If you've ever watched the movie or the stage play Chicago, and remember the scene where Richard Gere is singing Razzle Dazzle, you may have a good feel for how last night's neighborhood meeting between KCP&L and the Hyde Park Neighborhood Association went.
A week ago, the folks from KCP&L appeared on Fox 4 with a little backpeddling saying that they would not build a substation in a way that wasn't favorable to the neighborhood and not welcomed by the neighborhood. Last night's meeting, without the cameras running, had fewer promises, and avoided answering a lot of questions.
They have agreed that they will no longer build an "outdoor" substation, but have not committed to changing the location at 32nd Terraces and Troost...and many of their comments indicate to me that their goal is to still build on that location, but to somehow try to make the neighborhood feel good about it by the time it happens (which I don't think is impossible). While they have agreed to set up a "task force", I am suspicious that there will be no other alternatives brought forward -- or that they will create a reason that they won't work. My cynicism is enhanced when they said they mailed out 540 invitations to another discussion tomorrow night on the topic of all "stakeholders" -- and yet, I live 1 1/2 blocks from the proposed site and I've received nothing, nor have either of our next door neighbors, inviting us...so I"m not sure who is getting the invite.
The meeting was pretty helpful. They talked about how there are two substations serving the "Troost Corridor" (which is broadly defined as 20th Street to 47th Street, State Line to Paseo). One substation is at roughly 47th and Troost, the other is at 18th and Charlotte. Redevelopment downtown and in the Crossroads has but added pressure on the 18th and Charlotte substation, while redevelopment on the Plaza, and the Stowers Institute expansion has put more pressure on the 47th street location....(along with increased needs along the immediate corridor) thus creating a need for a new substation.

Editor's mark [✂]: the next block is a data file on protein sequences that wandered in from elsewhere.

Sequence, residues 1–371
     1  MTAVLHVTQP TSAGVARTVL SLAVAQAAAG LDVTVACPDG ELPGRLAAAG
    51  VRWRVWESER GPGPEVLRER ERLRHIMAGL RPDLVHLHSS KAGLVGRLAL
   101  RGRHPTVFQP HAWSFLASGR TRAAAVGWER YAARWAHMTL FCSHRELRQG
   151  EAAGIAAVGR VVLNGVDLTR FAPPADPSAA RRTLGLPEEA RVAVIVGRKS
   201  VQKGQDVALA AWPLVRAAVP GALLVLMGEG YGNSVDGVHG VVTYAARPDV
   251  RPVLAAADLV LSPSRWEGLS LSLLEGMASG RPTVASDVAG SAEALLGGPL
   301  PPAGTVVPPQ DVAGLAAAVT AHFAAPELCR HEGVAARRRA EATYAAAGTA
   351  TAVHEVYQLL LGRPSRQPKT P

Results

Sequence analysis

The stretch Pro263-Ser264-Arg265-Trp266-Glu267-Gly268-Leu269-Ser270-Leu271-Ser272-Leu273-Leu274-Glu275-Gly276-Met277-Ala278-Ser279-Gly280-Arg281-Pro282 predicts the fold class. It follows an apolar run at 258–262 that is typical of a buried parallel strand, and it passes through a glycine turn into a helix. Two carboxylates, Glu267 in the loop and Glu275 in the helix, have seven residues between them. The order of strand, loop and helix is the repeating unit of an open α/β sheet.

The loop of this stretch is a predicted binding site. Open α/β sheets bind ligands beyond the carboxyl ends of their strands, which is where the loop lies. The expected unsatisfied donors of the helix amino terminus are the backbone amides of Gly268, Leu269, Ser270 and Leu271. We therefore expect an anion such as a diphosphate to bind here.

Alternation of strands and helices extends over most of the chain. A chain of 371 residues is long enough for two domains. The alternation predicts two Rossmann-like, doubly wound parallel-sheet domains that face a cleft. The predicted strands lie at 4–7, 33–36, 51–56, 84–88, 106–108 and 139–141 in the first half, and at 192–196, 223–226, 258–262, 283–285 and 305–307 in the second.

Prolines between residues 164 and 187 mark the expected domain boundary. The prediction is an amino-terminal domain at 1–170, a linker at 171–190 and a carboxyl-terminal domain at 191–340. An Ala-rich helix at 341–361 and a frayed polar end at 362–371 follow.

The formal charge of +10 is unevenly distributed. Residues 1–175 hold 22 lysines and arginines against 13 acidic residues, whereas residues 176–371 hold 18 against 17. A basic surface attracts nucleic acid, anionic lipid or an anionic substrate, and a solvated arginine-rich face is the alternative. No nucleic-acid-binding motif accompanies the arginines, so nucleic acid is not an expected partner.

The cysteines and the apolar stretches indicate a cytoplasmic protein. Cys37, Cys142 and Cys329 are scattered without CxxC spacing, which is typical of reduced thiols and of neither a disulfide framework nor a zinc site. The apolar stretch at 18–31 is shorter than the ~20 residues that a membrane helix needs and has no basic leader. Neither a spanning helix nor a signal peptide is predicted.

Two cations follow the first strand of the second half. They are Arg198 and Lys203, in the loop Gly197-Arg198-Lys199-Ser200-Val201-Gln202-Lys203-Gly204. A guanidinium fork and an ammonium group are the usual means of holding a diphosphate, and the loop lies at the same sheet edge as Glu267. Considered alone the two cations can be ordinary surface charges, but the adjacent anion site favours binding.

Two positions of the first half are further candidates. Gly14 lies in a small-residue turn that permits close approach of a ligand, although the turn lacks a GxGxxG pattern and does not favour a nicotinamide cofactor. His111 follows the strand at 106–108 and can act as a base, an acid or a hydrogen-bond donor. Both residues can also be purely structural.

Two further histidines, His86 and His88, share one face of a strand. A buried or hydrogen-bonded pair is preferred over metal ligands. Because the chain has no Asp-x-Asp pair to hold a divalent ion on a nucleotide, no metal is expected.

They also explained that it is infinitely less expensive for them to build along Troost between these locations where a station would connect with an underground line that runs along Troost and connects these locations.
The impacts on the area will be large...potentially up to an entire city block being used to house the substation (creating a complete dead area at the location, for redevelopment and foot-traffic), huge new powerlines that will run along the historic corridor, and a potential decline in property values for homes nearby.
It's pretty amazing that it has gotten to this point, and no one with the City Council or Mayor's office had heard about this up until 2 weeks ago...and not until the Stowers Institute announced delaying its expansion did KCP&L back off it's opening date of 2008 for the new substation.
I'll also note, that for you folks that live in other neighborhoods, there are two additional substations that have already been plotted on a map to be built for future needs, and I'm assuming that your neighborhood will have the same amount of warning that Hyde Park, Squire Park and Center City got with this one.
Tomorrow I'm going to talk about some alternatives that KCP&L needs to strongly consider before they reach their development (and an alternative if they choose to move forward with the same location). Thursday I'm going to throw out an idea that City Council needs to address (from my wife's comments at the meeting last night) that will help slow the need for future substations as downtown moves forward with its redevelopment.